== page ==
High prices mask drought in west

High prices mask drought in west

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PARCHED: In Queensland's central west, country is starting to look as bad as it did in 2014-15 when things were at their worst at the height of the drought.

PARCHED: In Queensland's central west, country is starting to look as bad as it did in 2014-15 when things were at their worst at the height of the drought.

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With cattle and sheep prices so high, it is easy to forget that area such as central west Queensland are in drought, writes Ken Wilcock.

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OUT around Winton in Queensland's central west, country is starting to look as bad as it did in 2014-15 when things were at their worst at the height of the drought that followed the 2010-12 La Nina years.

That is how agent Tom Brodie summed it up when I spoke with him last week.

In the past six to eight weeks there have been a series of around nine little falls which added up to 34mm but the biggest was a mere 8.5mm, doing more harm than good.

Tom said there wasn't a lot of feed but what there was on the ground all looks pretty black everywhere you drive now.

Three to four days of strong winds made the country look worse still.

But the reason we are not hearing much about the seasonal circumstances in places such as Winton is that all attention is focused on the extraordinary cattle and sheep prices.

It has never been so easy to sell stock or for that matter find agistment in the south where despite some drying off, country is still remarkably good.

Back then Tom reminded me they were getting just 160c/kg for little weaners and 80c for cows.

Today's prices at three-to-four times higher are why there are big yardings at Roma and other centres and few people are choosing to feed.

In 2013-15 there was a lot of feeding and that prompted recent enquiry from carriers to bring hay up from the south.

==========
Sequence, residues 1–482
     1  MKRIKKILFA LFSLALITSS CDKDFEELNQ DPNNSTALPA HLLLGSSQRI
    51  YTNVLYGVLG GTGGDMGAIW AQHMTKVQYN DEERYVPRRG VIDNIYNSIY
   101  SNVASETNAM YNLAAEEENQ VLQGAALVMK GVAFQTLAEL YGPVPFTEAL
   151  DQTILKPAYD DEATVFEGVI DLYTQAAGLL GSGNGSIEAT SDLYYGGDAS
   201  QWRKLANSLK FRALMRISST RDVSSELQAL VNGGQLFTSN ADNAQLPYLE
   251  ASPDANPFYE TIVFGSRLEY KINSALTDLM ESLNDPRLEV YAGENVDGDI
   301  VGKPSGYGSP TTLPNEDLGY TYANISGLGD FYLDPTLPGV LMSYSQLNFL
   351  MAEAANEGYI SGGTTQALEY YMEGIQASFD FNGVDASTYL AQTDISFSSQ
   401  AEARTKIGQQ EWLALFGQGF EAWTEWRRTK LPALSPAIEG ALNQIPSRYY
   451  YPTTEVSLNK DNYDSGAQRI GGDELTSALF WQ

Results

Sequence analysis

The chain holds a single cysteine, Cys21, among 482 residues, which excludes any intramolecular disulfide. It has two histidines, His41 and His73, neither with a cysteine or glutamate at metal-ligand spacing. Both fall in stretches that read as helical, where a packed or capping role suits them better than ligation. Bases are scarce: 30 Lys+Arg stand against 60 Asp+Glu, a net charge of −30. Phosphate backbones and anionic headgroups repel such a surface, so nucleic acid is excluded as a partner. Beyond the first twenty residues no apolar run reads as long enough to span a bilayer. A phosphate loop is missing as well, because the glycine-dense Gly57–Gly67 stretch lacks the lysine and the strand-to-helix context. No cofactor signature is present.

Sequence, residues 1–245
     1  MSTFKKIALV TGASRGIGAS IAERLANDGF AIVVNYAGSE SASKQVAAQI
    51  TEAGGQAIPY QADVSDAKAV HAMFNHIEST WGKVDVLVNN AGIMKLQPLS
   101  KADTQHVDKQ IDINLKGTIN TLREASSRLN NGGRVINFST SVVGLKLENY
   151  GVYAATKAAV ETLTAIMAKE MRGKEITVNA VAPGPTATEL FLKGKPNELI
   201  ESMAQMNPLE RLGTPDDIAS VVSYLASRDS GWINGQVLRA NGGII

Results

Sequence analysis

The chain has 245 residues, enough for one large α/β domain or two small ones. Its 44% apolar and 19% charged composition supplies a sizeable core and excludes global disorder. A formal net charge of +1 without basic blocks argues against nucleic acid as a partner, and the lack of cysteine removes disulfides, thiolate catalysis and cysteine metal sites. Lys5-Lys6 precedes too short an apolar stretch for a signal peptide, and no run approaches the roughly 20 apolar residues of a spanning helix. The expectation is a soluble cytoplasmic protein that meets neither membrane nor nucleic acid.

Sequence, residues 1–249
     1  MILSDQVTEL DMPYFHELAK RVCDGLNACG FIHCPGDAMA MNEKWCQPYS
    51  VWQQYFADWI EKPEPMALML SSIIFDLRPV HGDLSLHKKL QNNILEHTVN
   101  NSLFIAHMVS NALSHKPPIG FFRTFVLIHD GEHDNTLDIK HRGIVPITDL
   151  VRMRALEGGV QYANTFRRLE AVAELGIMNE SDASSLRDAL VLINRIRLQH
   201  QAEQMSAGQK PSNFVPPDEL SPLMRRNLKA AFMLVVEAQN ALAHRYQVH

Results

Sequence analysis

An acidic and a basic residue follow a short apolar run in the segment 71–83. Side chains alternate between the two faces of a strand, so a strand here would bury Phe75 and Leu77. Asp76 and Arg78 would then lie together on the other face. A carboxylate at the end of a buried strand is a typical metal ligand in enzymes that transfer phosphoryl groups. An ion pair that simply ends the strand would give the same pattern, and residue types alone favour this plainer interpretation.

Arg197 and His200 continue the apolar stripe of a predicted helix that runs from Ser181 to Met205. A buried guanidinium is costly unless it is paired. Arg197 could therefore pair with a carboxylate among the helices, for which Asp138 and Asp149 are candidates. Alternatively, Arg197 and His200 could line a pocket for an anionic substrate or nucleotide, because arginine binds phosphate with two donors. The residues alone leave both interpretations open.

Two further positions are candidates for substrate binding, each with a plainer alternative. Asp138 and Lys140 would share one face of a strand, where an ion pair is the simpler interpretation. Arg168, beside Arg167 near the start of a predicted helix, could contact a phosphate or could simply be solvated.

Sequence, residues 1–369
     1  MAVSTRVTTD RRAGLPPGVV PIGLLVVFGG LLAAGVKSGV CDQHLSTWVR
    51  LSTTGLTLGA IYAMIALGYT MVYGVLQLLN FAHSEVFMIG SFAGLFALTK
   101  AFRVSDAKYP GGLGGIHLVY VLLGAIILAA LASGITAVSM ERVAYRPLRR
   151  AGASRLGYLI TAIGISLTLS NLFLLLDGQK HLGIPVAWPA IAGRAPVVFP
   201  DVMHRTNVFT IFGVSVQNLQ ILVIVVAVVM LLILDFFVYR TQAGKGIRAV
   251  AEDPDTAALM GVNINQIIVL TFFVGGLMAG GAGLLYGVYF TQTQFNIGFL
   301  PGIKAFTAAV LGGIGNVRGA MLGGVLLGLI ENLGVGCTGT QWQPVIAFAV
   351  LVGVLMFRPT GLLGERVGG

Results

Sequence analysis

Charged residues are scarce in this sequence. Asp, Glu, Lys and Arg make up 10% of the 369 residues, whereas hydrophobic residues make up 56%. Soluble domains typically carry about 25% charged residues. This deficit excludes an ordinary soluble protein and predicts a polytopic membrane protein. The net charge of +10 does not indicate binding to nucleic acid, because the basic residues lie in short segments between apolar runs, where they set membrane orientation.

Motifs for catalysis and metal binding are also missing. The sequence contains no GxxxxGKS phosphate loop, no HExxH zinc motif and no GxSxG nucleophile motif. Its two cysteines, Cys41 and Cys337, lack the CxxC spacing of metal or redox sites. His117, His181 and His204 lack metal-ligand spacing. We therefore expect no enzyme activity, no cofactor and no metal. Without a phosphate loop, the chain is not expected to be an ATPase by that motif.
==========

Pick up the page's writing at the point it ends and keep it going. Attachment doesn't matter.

Some it seems could not believe there was little demand for it and chose to come up on spec but ended up sitting at truck stops while they rang around trying to shift it.

For the moment, cattle and sheep are in pretty good order and the weather forecasts and indicators are all good but as Tom points out, it does not have to rain and while the expectation is that it will happen, they don't want to still be waiting at the end of January.

With November usually a dry month and normally no real expectation of anything until mid-December, eyes are nevertheless drawn to the north for any tell-tale signs of a build-up.

But the big thunderheads that brew up 200-300km north of Richmond and Hughenden and to the north-west are yet to appear, while only a hint of humidity registers in the daily 40-plus degree heat.

Back in October with a few storms floating around and some decent falls south of Longreach and in patches to the west of Winton, the mood was less urgent and even inclined toward buying a few cattle, but since then the attitude has changed.

Now it is more a case of better sell something before getting caught in the two-to-three week lull period over Christmas when it is harder to shift anything.